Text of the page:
We asked professional carpenters to pass along some of the tricks and tips they've learned after years of pounding thousands of nails into just about anything made of wood. Read the following tips to benefit from their hardworking carpentry experiences.
By the DIY experts of The Family Handyman Magazine:June 2008
Fine-tuning a miter for a perfect fit
is often a trial-and-error process.
Practice on smaller test pieces until
you get your miter saw set to
exactly the right angle, then cut the
You see it in print and on TV everywhere—some stake and board contraption set up
to hold strings to help position postholes, or lay out footings or building footprints.
But most of the time, there's a much better way. Tack together the construction lumber
to outline the structure, square it up and use it as a giant template to do all your marking.
Set it aside to do your digging and replace it to set the posts.
You don’t need a math degree to estimate framing materials for walls. Here’s a
formula that works every time, no matter how many doors, windows or corners
your walls have:
Whether you’re working in your garage, out in the backyard building a shed or
up at the in-laws’ cabin building a deck, take a few minutes and cobble together a
miter saw bench, With a little creativity, you can use just about any materials you
have on hand. The only custom work you’ll need to do is to rip some spacer
boards to make the outfeed support the same height as the saw table. It sure beats
kneeling on the grass or perching the miter saw on horses. And the bench does
double duty as a super-convenient work surface too.
I haven’t hand-nailed a piece of
interior trim in 25 years. Why?
Because air-powered trim guns make
the results so much faster, better and
neater. No splits, no predrilling, no
knocking the piece out of place as
you hammer, and only itty-bitty
holes to fill. The gun I paid $300 for
back then can now be had for $125—
and it’s better than the old one! If
you’re going to buy just one size, the
most versatile choice is one that
shoots 5/8- to 2-inch 18-gauge
Stick masking tape to your tape measure for
jotting down shapes and numbers. That way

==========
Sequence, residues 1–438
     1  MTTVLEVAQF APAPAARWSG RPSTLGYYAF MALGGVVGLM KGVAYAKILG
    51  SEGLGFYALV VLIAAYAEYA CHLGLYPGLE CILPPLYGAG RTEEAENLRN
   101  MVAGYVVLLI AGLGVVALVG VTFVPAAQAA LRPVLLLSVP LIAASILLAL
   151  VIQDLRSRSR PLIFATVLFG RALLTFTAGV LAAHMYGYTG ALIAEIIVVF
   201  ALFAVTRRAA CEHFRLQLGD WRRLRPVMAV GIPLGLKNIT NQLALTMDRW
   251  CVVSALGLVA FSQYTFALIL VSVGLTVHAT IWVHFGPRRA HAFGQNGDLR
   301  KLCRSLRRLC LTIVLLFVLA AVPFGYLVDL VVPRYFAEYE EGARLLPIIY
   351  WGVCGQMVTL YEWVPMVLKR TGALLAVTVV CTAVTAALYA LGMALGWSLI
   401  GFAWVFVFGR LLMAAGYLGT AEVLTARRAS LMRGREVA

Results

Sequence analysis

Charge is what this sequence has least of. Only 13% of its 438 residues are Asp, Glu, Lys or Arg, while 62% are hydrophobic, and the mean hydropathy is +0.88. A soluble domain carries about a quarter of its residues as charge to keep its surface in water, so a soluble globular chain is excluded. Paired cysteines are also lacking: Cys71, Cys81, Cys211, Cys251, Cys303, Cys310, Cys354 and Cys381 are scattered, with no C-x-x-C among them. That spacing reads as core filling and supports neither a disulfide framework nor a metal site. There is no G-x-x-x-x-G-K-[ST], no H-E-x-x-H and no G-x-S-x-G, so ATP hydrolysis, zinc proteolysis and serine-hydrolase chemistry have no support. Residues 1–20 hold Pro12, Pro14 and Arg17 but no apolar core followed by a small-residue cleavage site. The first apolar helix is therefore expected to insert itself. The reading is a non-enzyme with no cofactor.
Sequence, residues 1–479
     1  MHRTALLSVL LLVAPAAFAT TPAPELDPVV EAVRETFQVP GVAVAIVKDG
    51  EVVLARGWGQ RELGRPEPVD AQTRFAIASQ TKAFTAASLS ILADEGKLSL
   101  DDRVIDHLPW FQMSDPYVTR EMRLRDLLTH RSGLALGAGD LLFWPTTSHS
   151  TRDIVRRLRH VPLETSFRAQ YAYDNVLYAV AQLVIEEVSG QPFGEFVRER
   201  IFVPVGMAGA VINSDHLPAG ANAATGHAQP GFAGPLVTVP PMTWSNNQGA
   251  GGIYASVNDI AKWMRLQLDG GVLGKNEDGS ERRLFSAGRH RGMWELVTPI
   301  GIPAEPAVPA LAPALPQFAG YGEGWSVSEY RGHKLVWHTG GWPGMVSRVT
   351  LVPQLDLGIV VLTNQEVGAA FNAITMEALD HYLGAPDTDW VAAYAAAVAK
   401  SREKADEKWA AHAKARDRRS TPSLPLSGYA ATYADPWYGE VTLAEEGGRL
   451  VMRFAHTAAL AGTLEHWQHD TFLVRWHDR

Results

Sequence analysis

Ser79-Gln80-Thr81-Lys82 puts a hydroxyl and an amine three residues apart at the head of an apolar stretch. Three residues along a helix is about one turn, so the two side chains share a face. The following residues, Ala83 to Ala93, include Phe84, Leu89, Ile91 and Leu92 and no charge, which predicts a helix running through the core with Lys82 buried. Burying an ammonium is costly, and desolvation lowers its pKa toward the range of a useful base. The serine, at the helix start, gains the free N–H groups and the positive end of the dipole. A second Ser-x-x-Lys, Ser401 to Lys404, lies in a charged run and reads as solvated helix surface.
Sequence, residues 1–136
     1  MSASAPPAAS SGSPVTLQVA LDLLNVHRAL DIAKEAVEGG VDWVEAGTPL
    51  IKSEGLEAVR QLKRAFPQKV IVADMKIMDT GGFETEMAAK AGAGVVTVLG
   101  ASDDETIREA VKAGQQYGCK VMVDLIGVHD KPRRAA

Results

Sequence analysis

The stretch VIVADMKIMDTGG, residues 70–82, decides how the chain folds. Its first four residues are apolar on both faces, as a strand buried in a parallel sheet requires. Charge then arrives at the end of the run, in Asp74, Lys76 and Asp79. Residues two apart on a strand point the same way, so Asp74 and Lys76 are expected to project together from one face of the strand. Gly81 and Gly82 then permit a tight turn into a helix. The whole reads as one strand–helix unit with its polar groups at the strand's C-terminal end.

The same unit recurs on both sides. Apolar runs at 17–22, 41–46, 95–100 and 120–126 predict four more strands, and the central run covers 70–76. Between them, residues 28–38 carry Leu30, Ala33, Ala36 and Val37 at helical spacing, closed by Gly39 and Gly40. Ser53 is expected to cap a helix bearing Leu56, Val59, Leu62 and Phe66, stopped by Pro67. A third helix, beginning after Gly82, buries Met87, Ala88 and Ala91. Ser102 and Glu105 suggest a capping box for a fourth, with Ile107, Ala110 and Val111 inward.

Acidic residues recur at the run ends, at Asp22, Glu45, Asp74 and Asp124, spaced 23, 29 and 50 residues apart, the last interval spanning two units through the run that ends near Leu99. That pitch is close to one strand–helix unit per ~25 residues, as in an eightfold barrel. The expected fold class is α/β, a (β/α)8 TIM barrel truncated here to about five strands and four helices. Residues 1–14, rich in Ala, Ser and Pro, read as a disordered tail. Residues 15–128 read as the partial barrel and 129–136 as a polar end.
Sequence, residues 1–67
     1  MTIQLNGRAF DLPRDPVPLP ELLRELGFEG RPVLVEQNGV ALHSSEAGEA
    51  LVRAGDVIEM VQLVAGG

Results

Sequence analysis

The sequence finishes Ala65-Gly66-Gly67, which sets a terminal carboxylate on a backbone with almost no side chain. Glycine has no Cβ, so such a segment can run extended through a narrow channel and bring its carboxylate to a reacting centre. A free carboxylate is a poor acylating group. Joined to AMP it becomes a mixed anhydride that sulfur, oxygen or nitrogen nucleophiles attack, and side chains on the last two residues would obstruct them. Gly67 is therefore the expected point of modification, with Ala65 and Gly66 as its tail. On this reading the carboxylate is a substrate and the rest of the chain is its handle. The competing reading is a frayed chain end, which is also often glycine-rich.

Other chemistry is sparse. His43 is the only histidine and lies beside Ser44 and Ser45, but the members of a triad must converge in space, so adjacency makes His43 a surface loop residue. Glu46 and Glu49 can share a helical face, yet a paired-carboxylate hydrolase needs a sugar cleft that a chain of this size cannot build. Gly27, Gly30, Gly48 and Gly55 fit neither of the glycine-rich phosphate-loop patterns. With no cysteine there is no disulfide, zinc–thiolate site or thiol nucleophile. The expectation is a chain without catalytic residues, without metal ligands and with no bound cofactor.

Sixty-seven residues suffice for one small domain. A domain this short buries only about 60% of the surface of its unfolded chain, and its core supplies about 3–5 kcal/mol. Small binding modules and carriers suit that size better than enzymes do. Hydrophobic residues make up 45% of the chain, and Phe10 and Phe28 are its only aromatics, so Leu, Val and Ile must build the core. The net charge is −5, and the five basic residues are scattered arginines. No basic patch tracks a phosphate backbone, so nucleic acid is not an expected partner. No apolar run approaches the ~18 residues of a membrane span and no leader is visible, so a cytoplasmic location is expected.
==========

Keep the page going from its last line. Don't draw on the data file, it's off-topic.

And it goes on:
you won't forget the length on the way to the
On my first job as a framing carpenter, I
was beating on a stud to try to coax it into
position. The stud just bounced back. A
veteran framing carpenter walked over
and drove a big nail at an angle through
the edge of the stud. The last two hammer
blows moved the stud into position, where
it stayed. Now I use the toenail trick whenever
I need to adjust stubborn lumber.
Early on in my carpentry career, I mismeasured an expensive baseboard and
cut it too short. Instead of shouting, ‘You’re fired,’ my boss just said, ‘Don’t use
your tape measure unless you have to.’ He was right. Holding trim in place
and marking it is always more accurate than measuring, often faster and it
eliminates mistakes. This is good advice for other types of carpentry work
too, like siding, laying shingles and sometimes even framing.
Keep a pair of 'nippers' in your
pouch whenever you're doing
trim carpentry. When you pull
trim from the wall, use them for
pulling the nails through the back
of the trim.
doing rough construction
finish work, the
hammer is a
ounce with a
straight claw. I use
the claw to drive it
under walls for
lifting, to embed
it in framing
and even to do
chiseling. But best
of all, it's a better
shape for pulling
nails than the
curved claw style.
Have the necessary tools for this DIY project lined up before you start—you’ll save time and frustration.
Avoid last-minute shopping trips by having all your materials ready ahead of time. Here's a list.
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